Health may be cited as a reason for choosing non-alcoholic beers, but they still contain calories, and sugar, the current bête noire of the public health lobby, whereas diet soft drinks are free from both. And de-alcoholisation is a complex “industrial” process that requires significant investment in the necessary plant. They’re not products that can just be knocked up in a shed in a natural, artisanal way.

As well as being the key to the appeal of beer, alcohol is also an essential component in its flavour. Even in the weakest mild or light lager, it’s still a noticeable part of the mix, and it becomes more pronounced the further you go up the strength scale. Take the alcohol away, and something seems to be missing. A couple of years ago, I did a tasting of some widely-available non-alcoholic beers, with distinctly mixed results.

Early alcohol-free beers, which all tended to be lagers, often had a noticeably cardboardy taste. This seems to have been much reduced nowadays, and some of the lagers are quite palatable, if distinctly bland. As many normal-strength lagers are fairly subtle in flavour terms anyway, this is maybe not too much of a problem. Things get more difficult when it comes to ales. Full-strength ales generally have more robust flavours, and when an attempt is made to translate this to a low-alcohol brew the results can often be quite unpleasant, with a malty gloopiness and a sense of unfermented wort. The St Peter’s Without which I sampled was so nasty that it went straight down the sink. I recently tried the new low-alcohol Old Speckled Hen, which wasn’t much better, with an odd off-flavour that reminded me of nothing so much as room-temperature school milk. Adnams’ low-alcohol Ghost Ship was considerably better, with a hoppy character reminiscent of the standard brew, but even here you feel that is hiding some nastiness lurking underneath.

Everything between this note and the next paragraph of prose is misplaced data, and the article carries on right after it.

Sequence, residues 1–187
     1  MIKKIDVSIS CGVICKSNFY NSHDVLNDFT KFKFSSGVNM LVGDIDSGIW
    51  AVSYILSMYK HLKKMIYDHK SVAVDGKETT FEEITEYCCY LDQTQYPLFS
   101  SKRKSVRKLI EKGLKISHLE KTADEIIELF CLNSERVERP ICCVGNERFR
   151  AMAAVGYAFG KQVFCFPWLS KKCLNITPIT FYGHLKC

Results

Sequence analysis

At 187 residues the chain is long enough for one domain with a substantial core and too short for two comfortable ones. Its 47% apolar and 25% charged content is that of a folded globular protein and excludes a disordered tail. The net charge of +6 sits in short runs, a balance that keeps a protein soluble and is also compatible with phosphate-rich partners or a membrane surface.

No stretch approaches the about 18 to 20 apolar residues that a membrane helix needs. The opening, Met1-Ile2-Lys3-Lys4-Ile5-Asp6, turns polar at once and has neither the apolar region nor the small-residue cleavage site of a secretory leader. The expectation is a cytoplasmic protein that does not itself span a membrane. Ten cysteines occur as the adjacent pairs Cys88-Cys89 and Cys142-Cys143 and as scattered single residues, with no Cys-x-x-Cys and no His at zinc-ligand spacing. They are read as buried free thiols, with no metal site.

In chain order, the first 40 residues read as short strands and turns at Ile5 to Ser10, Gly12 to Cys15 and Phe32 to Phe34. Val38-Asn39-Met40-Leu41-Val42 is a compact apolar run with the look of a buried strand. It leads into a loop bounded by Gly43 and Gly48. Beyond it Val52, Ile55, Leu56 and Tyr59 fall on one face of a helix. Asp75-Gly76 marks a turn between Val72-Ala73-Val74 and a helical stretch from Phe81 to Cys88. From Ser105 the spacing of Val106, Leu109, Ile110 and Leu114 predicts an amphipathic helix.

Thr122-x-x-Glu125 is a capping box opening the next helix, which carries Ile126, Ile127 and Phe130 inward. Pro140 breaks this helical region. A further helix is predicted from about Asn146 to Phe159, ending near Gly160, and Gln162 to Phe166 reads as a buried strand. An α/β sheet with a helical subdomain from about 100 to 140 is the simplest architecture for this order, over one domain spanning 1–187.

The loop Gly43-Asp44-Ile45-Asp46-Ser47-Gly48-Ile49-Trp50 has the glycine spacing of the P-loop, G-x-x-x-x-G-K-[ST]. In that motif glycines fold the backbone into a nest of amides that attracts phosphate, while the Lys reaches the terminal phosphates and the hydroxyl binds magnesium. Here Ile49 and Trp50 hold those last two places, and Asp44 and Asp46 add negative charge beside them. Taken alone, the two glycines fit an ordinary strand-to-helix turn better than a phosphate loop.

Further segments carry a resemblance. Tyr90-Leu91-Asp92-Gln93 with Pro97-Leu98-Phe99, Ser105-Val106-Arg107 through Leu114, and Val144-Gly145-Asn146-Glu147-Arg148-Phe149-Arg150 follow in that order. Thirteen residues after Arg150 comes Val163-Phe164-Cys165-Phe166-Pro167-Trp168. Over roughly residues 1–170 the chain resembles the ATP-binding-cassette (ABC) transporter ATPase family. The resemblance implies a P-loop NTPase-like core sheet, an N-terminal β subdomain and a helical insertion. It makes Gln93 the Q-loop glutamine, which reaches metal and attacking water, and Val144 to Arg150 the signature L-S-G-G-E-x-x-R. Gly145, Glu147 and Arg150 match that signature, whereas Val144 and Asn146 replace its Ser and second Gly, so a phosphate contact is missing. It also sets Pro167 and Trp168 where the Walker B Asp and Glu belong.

Having said that, it has to be accepted that these beers do fill a substantial and growing market niche. It’s no good to pooh-pooh them and just say “get a proper pint down your neck!” Whether at home or out and about, people have a range of entirely valid reasons not to want to drink alcohol: driving, wanting to keep a clear head for work, pregnancy or other health issues. Surely choosing something that has at least some of the flavour and character of beer is preferable to sparkling water or Diet Coke. Who knows, they could even act as a “gateway drug” to proper beer!

As I mentioned in the post I linked to, I had been trying some of these beers and continue to do so. Following a diagnosis of Type 2 diabetes, I wanted to reduce my beer consumption somewhat, and one way of doing this was sometimes to replace the glass of beer drunk at home in front of the telly with an alcohol-free alternative. This wasn’t the world’s most cutting-edge beer-drinking experience in the first place, and I am still maintaining the ritual of beer drinking, which is the key aspect. However, I have to say that I have generally stuck to lagers, as I can’t really get on with any of the low-alcohol ales.

Low- and no-alcohol beers are certainly here to stay, but some of the more bullish predictions of their likely market potential are overstated. They will only ever be an inferior alternative to normal-strength beer that cuts out the alcohol. They may be not too bad, all things considered, but they will never be quite as appealing, and people aren’t going to start seeking them out in their own right. Unless people were visibly enjoying the one, the other would have no reason to exist.